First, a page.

The first step is driving around the area to evaluate the location of the property. Is it easy to access from major thoroughfares? Is it in a desirable location? Does it have good visibility from the street front with adequate signage? In the case of a retail property, it would be important to consider the traffic counts that regularly pass by the property in a given day, the ease of entering and exiting the grounds (referred to as ingress and egress), and its proximity to other major retail centers that draw consumers. In the case of a multifamily property, it would be important to consider the convenience of retail amenities nearby such as grocery stores, proximity to major employers, and the school district in which the property is located, which may be important to families who would consider living there.

Validating the Comparable Properties

Some of the most important pieces of data that we use when evaluating a commercial real estate asset are called comparable properties (or “comps”). After a property has been identified, we have the ability to search through large amounts of data and select other properties that are similar to the one we are evaluating—similar by location, property type, size, year of construction, tenant base, and more. There are two types of comps that we consider—sales comps and rent (or lease) comps.

Sales comps are records of property sale transactions that have occurred in the recent past for similar properties in the area. We look through many of these available comps and hand pick the ones that most closely resemble the subject property. Once we have our set of sales comps, we analyze it to answer important questions about the price of the asset we are underwriting—for example, what is an appropriate capitalization rate (required return) for this property, or what is a fair price per unit or price per square foot based on what buyers in this market are willing to pay for this sort of property? Furthermore, sales comps can have important implications on what we expect the property to sell for at the end of the investment period.

Lease comps are records that tell us what other similar properties in the area are charging their tenants for rent. These comps will help us to determine if the property we are evaluating is renting in-line with, below or above rents at similar properties in the market. Properties that are renting at below-market rents may potentially have an opportunity to increase rates and create additional revenue and property value. Lease comps are particularly important for supporting the assumptions that are used in the business plan for the property. If the business plan calls for a renovation at the property, for example, we can look at lease comps for other renovated properties in the area to see if the rents that are assumed after the renovation is complete are reasonable. Since the value of commercial real estate is essentially its ability to produce income, obtaining good lease comps is a very important part of the underwriting process.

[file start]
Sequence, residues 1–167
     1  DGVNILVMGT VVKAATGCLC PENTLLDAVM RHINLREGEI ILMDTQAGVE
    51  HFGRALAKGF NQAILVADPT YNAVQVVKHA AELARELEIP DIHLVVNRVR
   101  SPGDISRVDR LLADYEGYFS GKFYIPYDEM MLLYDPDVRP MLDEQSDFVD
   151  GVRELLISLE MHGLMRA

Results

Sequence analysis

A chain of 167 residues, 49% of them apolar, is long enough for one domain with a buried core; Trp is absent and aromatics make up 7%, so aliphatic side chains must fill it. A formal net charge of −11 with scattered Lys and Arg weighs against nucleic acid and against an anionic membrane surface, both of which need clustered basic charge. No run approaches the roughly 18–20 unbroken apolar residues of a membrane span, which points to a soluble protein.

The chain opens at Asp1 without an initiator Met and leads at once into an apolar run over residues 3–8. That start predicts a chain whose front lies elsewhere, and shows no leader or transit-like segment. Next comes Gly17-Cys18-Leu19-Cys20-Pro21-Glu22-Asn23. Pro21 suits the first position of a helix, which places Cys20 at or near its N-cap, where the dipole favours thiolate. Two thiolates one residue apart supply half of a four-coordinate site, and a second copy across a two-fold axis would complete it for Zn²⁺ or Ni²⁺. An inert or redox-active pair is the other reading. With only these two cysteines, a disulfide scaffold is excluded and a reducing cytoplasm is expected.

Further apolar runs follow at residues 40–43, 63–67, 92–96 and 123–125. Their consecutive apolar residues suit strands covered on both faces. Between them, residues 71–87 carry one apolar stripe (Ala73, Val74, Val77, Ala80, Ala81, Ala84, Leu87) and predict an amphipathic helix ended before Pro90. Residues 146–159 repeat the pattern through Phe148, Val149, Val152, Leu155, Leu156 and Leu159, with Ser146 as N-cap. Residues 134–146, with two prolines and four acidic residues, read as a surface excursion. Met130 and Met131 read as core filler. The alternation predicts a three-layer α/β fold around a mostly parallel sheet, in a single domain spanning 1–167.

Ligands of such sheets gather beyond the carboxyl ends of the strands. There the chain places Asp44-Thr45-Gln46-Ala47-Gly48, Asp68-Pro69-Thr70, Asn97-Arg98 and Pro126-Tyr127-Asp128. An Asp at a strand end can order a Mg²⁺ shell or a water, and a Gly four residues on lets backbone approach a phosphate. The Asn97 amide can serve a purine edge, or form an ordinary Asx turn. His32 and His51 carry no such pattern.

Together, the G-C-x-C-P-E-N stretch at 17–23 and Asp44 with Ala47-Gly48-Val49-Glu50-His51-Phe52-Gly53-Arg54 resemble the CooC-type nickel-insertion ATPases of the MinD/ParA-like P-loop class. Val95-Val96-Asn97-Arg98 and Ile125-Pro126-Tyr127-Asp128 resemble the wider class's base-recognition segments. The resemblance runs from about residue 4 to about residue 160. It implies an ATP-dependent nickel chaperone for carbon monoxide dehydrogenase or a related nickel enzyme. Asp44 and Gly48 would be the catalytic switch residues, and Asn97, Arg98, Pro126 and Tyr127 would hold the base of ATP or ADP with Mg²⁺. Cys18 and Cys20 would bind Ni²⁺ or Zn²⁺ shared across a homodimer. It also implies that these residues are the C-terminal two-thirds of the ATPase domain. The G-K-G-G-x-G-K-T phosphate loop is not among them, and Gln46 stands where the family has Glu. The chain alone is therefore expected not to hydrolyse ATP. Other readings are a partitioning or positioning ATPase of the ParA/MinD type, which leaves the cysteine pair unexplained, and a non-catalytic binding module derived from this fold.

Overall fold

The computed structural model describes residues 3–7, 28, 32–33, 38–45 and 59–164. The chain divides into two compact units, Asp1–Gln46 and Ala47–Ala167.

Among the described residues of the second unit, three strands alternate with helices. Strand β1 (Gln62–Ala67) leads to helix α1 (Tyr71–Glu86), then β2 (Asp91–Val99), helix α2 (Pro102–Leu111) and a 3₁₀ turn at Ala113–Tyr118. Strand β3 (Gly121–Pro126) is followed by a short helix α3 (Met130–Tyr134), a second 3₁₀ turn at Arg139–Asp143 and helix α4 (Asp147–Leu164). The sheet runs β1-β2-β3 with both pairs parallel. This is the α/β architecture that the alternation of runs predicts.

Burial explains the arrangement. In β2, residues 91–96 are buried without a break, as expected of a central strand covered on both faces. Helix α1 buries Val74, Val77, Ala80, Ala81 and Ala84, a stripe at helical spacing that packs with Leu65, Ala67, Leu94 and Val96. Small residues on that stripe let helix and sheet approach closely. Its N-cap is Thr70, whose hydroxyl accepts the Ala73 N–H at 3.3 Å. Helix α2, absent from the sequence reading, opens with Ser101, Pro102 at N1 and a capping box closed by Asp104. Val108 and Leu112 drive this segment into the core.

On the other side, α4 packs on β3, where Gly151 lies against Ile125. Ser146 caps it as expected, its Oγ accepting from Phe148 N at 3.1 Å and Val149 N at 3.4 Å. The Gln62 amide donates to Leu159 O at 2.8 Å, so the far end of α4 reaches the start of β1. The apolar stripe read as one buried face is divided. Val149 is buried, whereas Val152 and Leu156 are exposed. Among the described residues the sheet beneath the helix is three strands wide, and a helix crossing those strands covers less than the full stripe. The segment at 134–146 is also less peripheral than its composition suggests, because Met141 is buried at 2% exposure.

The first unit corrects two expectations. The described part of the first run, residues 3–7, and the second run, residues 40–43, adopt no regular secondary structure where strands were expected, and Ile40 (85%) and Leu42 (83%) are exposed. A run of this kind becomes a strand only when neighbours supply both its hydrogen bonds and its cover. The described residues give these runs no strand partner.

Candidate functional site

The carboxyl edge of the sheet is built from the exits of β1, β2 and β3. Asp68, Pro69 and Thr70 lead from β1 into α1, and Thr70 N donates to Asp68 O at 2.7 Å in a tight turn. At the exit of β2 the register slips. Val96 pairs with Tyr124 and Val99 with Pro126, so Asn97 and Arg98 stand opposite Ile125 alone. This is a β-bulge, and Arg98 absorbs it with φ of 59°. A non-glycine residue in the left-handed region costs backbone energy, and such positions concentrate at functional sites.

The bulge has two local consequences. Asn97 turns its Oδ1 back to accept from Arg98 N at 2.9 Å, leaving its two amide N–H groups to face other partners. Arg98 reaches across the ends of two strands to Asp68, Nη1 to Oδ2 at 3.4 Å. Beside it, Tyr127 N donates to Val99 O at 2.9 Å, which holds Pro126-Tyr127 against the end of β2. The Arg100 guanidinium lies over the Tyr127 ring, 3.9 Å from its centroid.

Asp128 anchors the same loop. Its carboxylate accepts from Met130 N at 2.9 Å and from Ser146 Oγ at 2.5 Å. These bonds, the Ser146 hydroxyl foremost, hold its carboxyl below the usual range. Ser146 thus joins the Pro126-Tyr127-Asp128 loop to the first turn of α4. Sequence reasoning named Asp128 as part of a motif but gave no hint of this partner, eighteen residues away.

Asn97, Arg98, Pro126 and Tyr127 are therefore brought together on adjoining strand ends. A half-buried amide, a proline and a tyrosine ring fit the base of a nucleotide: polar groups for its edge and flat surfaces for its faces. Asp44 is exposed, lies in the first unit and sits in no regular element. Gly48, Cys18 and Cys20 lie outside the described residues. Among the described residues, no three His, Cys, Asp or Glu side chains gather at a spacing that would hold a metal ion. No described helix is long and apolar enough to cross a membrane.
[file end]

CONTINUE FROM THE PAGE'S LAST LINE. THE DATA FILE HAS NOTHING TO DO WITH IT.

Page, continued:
Although these comps are carefully selected using all of the information that is available, it is very important to try to visit each one during the site visit and confirm that each is in fact similar to the subject property in terms of location, construction, age, amenities, and offerings. While doing so, it’s useful to consider any key differences from the subject property. If a comparable property is outperforming the subject property with higher rents or a higher occupancy, it is important to try to answer why that could be the case and determine if the sponsor’s business plan with remedy those shortfalls and bring the subject property more in line with those offerings.

Meeting the Sponsor

Site visits provide a valuable opportunity to get facetime with the sponsor who will be running the project, and often managing the property. In most cases, the sponsor will be present for the site visit and can provide insight about why they chose this property as an investment, their due diligence findings, and their plan once they take ownership. Sitting with the sponsor to discuss their thoughts about the property and their business plan, along with some background about their company and experience is a great use of time during a day visiting a property.

What It Means

Visiting each property that we offer as an investment opportunity is an important step in our underwriting process and helps confirm that we are accurately evaluating each property and the markets in which they are located. It’s another way for us to execute on one of the company’s core values: investor protection. Real estate investing carries inherent risks and does not guarantee a return of any kind. With that said, if we can pass along our confidence in the investment opportunities we offer, then we consider that a job well done.

Learn more about our pre-vetted investment opportunities on our FAQ page or by contacting our Investor Relations Team.